Sharon Stone has news about her 2001 stroke: Hollywood was "brutally unkind" as she tried to recover, the Guardian reports. Appearing at a Women's Brain Health Initiative in Los Angeles, she tells Variety that everyone from "women in my own business to the female judge who handled my custody case" (while divorcing ex-husband Phil Bronstein) appeared insensitive to the challenge of stroke recovery—which took "about seven years." The actor says she had to remortgage her house and lost her place "in the business. I was like the hottest movie star, you know?" Having served as the global campaign chair for The Foundation for AIDS Research for 15 years, Stone is now advocating for brain diseases that affect women more than men, like Alzheimer's.
"This is why I do it: My mother had a stroke," she says. "My grandmother had a stroke. I had a massive stroke—and a nine-day brain bleed." Stone rose to international stardom by playing a femme fatale in Basic Instinct (1992) and was praised for her turn in Martin Scorsese's Casino (1995), but received a Golden Rasberry nomination for Gloria (1999) and had her stroke two years later.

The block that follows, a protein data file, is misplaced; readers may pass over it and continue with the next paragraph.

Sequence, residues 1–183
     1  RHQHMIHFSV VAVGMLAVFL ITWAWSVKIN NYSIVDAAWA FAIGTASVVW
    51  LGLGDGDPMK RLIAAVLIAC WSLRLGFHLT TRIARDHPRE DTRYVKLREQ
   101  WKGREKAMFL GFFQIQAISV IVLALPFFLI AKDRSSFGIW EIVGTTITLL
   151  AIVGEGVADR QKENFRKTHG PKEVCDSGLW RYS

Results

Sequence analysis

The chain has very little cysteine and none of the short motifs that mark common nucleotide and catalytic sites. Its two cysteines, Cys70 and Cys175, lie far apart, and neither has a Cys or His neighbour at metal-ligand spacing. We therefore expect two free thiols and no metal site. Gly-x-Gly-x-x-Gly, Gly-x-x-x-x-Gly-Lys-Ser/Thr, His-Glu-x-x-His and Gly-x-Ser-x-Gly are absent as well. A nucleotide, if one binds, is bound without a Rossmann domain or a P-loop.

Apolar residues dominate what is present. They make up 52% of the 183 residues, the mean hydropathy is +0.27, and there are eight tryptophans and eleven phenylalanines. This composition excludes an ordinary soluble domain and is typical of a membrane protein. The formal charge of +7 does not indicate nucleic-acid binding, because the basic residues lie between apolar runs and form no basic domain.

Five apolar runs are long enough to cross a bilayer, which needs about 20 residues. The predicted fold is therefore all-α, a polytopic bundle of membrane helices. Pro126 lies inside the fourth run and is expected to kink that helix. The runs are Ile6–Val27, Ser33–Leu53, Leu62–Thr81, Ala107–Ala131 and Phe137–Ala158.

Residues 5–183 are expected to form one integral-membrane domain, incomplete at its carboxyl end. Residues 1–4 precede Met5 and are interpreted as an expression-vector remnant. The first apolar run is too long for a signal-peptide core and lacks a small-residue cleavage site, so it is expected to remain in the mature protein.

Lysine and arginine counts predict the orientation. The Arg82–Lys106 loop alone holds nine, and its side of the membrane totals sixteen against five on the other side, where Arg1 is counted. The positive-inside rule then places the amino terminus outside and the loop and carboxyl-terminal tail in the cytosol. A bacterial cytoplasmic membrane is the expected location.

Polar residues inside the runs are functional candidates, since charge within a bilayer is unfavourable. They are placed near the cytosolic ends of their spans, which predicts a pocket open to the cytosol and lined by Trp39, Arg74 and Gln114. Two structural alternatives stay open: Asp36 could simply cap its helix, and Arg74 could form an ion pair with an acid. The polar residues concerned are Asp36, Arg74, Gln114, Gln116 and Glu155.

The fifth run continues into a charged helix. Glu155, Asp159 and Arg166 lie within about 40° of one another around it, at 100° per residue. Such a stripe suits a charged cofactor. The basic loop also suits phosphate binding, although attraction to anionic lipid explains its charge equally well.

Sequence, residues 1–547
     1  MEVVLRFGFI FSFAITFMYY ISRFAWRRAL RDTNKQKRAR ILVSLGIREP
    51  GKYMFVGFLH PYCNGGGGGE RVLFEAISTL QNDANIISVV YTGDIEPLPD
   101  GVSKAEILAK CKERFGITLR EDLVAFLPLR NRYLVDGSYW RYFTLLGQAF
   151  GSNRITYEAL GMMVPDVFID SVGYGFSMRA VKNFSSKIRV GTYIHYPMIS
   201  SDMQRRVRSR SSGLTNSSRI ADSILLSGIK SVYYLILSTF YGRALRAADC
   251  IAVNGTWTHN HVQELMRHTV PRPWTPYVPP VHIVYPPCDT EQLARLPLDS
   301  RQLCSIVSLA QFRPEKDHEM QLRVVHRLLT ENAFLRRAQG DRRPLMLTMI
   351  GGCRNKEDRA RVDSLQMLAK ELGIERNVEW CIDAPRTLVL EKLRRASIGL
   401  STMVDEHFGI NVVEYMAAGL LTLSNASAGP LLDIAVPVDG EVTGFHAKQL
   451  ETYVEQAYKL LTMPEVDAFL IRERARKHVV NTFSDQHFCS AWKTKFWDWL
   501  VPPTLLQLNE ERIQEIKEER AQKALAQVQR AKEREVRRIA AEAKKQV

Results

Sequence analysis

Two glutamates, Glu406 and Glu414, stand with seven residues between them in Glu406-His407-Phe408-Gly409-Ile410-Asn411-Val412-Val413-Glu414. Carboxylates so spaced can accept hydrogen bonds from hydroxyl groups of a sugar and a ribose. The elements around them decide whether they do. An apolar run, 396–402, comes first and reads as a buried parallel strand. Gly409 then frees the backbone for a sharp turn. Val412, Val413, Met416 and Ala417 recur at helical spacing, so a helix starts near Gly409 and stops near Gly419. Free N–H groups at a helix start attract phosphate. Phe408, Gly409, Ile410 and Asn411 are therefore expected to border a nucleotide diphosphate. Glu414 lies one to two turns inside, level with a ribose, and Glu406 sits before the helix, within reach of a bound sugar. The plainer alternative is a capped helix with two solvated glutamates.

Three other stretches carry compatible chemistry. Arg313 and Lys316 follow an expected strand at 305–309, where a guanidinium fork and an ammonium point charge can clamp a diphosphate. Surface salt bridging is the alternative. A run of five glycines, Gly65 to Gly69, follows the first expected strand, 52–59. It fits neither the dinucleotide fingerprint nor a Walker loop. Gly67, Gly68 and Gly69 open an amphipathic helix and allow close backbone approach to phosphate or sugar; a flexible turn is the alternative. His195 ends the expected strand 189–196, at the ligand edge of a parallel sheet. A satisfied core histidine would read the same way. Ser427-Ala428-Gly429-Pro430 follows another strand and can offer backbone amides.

In 2005, she was "rescued" when Moet Hennessy Louis Vuitton head Bernard Arnault gave her a Dior contract. Her advice to others: "If you have a really bad headache, you need to go to the hospital." She was hospitalized on day three or four of her stroke and "had a 1% chance of living by the time I got surgery," but didn't even know she was at such risk.
"No one told me—I read it in a magazine."
This article originally appeared on Newser: Sharon Stone: Hollywood Was 'Brutally Unkind'